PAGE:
5 Cool Facts About Seed Bombs

5 Cool Facts About Seed Bombs

Want to help fertilize the planet and have fun doing it? Seed bombing could be the answer. What’s a seed bomb, you ask? It’s a simple cluster of seeds wrapped in a ball of soil and clay that you can throw—like a bomb. Here are five cool facts to get you fired up and ready to throw.

1. Seed bombs are easy to make

All you need is soil or compost, clay, and seeds that are native to the region you will be working in. (Non-native species could throw off the local balance and lead to the introduction of invasive species.) Amounts will vary, but a ratio of five parts soil to three parts clay to one part seeds is a good rule of thumb. Bombs should be about the size of a quarter to make for easy throwing. To maximize your seeds’ chances of sprouting roots, spring and summer are the best times to deploy your bombs.

2. Seed bombs go where no one else can

Seed bombs are amazingly versatile. They can be tossed over fences into abandoned lots, or out the windows of cars and buses onto median dividers and roadside wasteland. They can be left alongside parking lots and bike paths, in unused planters and gardens that have fallen on hard times. In short, anywhere there is land to grow them – provided that the soil isn’t too dry, compact, or dense with other vegetation.

3. Seed bombing is an ancient practice

As far back as ancient Egypt, seed bombs were used to restore farmland after the Nile’s annual spring flood. In Japan, they were known as tsuchi dango, or ‘earth dumplings.’ In the early twentieth century, microbiologist and agriculturist Masanobu Fukuoka revived the practice, incorporating it into his “natural farming” movement. And in the 1970’s, they were incorporated into the tactics of guerrilla gardening, a movement which seeks to rehabilitate derelict or neglected urban land through direct action.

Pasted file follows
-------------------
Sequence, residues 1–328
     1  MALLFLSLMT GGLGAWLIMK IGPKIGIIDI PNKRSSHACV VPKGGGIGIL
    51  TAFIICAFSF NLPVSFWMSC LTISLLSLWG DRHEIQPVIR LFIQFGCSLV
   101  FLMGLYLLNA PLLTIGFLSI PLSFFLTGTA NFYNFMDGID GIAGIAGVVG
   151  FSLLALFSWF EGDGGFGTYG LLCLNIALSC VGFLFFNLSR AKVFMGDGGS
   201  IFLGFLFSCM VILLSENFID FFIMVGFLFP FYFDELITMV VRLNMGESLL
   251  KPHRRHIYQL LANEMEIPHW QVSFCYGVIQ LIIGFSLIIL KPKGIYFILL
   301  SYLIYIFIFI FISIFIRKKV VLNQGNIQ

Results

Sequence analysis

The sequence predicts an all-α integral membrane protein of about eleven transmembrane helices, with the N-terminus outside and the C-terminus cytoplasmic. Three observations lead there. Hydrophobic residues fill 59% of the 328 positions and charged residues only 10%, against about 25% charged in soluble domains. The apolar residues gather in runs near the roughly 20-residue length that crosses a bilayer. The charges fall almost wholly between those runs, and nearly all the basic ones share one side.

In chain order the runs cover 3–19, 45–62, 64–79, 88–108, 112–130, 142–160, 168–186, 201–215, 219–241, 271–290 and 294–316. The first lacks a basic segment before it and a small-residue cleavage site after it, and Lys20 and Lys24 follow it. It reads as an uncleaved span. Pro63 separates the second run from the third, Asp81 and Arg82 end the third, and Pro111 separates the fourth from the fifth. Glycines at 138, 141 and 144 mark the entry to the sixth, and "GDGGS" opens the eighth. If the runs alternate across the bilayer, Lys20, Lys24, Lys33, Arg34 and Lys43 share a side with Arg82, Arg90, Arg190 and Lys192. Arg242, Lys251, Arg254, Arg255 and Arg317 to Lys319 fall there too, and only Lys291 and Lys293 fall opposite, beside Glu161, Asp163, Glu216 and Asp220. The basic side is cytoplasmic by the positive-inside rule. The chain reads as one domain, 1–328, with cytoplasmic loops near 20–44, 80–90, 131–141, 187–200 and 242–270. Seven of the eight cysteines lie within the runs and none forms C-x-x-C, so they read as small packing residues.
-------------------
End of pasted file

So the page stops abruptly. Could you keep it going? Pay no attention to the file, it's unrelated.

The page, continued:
4. Seed bombs are diverse

There are many types of seeds you can use in your seed bombs. You can try wildflower seeds, necessary for the survival of pollinators (such as bees) on which our ecosystem depends. You can use seeds for herbs or edible crops. Or you can put together a combination of seeds. Such ‘companion’ plants are chosen because they grow well together, assisting in pollination, pest deterrence, and soil conditioning.

5. Seed bombs get people involved

Planting is satisfying but hard work. You have to dig holes, weed, water and prune – and most importantly, you need permission to cultivate the land. But with seed bombs, all you have to do is make (or buy) and throw! It’s a great way to get people of all ages and backgrounds involved in the greening process, including those who might never have considered themselves gardeners.

At a time of rampant habitat loss, pesticide use, and climate change, our ecosystems are under threat like never before. It’s amazing to consider that throwing a simple ball of clay, soil, and seeds can fertilize areas we never thought possible, helping bring back at least some of what has been lost. Truly a case of ancient wisdom curing modern woes.

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